July is our true summer month here in Central Minnesota. We have our warmest temperatures that team up with high humidity, making me pine for air conditioning–for a week or so! While looking through my photos from July, I realized two things–I didn’t get out much (‘out’ meaning beyond our place), and July is the month of flowers! So my gleanings post will be about flowers–all of which have bloomed in July here on the home place.
We have a number of shrubs that bloom in the heart of summer, the most spectacular being the hydrangeas. Annabelle hydrangeas are tough, cold-tolerant shrubs that have huge, showy white flowers every year, even after severe pruning.
A small native shrub that attracts butterflies, bees, and hummingbirds is New Jersey Tea. The dried leaves were used as a tea substitute during the American Revolutionary War. The flowers look like fireworks!
Extravagant, colorful Lilies celebrate summer in bold style: fragrant Oriental lilies…
elegant Asiatic lilies…
and the fleeting beauty of a Daylily.
Mature Hosta plants produce an abundance of tall flower stalks covered with light purple, bell-shaped blooms which open from the bottom up. The overwhelming number of blossoms masks the beauty of the individual flower…
…until you look at it closely.
July is the month for royalty–Queen Anne’s Lace and Queen of the Prairie! Queen Anne’s lace is a biennial. The tender first-year leaves can be used in salads. The root of this ‘wild carrot’ has a high sugar content, second only to the beet among root vegetables, and has been used to sweeten foods. Use extreme caution before harvesting, as the leaves of this edible plant resemble the leaves of poison hemlock, fool’s parsley, and water hemlock, which are all poisonous.
Queen of the Prairie has frothy clusters of pink flowers on three to six-foot tall stems. It is a native perennial of northeastern and north central United States.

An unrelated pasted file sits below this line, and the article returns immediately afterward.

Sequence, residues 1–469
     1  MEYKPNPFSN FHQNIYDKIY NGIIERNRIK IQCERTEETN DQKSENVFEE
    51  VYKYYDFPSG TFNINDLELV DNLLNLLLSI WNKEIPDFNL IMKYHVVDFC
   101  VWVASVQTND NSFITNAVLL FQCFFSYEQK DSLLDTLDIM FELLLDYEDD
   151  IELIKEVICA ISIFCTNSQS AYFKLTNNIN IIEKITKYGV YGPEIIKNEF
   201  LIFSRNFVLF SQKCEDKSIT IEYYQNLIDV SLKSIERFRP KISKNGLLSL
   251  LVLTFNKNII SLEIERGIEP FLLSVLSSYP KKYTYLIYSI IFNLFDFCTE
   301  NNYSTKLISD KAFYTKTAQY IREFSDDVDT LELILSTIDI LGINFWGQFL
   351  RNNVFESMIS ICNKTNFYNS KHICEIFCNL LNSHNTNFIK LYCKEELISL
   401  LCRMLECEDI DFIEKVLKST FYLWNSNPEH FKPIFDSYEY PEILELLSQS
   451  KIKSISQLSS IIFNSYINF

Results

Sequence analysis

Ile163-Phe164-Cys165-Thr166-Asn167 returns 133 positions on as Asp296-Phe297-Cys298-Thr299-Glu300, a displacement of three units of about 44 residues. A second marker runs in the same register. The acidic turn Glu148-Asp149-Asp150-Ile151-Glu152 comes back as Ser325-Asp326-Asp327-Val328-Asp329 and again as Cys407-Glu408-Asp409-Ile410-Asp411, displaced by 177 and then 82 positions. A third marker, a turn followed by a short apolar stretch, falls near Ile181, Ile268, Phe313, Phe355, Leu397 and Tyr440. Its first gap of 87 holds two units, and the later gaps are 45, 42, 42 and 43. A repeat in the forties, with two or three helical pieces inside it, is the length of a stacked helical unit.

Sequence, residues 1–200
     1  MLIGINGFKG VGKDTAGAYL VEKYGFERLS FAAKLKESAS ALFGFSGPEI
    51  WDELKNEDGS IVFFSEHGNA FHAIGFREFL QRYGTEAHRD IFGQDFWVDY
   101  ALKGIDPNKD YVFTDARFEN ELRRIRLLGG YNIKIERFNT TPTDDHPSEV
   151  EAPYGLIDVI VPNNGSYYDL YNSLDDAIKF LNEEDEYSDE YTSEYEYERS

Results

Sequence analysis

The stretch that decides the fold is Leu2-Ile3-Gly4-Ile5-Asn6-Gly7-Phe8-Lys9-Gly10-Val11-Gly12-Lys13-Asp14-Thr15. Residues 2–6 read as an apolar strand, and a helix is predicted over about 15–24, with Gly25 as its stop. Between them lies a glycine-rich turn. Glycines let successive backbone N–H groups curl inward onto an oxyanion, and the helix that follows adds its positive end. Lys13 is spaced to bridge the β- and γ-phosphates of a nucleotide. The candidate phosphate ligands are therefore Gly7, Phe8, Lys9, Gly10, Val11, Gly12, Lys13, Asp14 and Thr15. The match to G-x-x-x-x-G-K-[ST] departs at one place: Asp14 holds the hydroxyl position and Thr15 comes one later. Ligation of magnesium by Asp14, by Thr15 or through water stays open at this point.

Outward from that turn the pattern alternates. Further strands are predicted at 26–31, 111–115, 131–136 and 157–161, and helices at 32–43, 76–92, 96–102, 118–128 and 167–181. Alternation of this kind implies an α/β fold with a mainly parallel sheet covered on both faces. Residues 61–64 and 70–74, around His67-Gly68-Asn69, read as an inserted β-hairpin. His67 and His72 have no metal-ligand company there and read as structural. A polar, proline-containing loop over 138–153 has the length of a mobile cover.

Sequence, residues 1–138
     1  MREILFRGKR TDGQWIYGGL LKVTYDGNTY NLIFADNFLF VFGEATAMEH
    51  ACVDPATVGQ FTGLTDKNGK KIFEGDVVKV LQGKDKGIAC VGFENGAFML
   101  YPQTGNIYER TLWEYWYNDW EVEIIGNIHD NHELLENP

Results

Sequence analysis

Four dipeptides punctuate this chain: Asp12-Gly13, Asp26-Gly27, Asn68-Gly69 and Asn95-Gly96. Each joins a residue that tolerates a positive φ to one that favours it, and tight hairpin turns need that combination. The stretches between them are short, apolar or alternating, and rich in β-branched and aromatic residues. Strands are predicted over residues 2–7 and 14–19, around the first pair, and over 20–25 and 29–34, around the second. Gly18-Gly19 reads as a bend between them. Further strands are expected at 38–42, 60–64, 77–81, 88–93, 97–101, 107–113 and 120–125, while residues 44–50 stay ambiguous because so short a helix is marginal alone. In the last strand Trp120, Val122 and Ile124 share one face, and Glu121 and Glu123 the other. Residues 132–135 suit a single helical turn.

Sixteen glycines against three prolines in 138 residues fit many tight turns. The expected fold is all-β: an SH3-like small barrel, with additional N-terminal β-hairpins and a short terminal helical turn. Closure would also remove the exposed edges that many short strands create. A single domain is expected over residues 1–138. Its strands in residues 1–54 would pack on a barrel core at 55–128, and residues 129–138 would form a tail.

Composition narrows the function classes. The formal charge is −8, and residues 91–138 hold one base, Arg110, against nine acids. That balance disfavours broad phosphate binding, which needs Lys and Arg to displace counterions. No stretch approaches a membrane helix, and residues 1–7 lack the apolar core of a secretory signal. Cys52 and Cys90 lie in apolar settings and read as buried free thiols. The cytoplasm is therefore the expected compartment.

Black snakeroot (Cimicifuga Racemosa) is a tall, shade-loving plant with spikes of bottle-brush flowers.
Ligularia ‘ The Rocket’ loves moist shady areas. It is a clumping perennial with toothed foliage and tall spikes of yellow flowers.
Blanket flowers or Gaillardia are bright, sun-loving perennials that are easy to grow.
Liatris or blazing star is commonly purple in color, and we have many of them, but I think my favorite is the ‘Alba’ or white cultivar. The grass-like leaves create a beautiful background to these spiky flowers that, unlike most flowers, bloom from the top down.
Onions and garlic are Alliums for the vegetable garden, but there are many ornamental Alliums. They are grown from bulbs that need to be planted in the fall. These oniony-smelling plants are deer and rodent resistant and need very little care.
Flowers have an expression of countenance as much as men or animals. Some seem to smile; some have a sad expression; some are pensive and diffident; others again are plain, honest and upright, like the broadfaced sunflower and the hollyhock. Henry Ward Beecher
Perhaps we have more in common with flowers–and vice versa–than we thought! Some of us are bold and stand out in a crowd. Others are understated and may get lost in a crowd. Some have a calm and regal air about them. We are all different sizes and colors and smells. But one thing is for sure–each one of us is a valued member in the Garden of Life.
P.S. The three eaglets that we have been following have fledged! Another empty nest!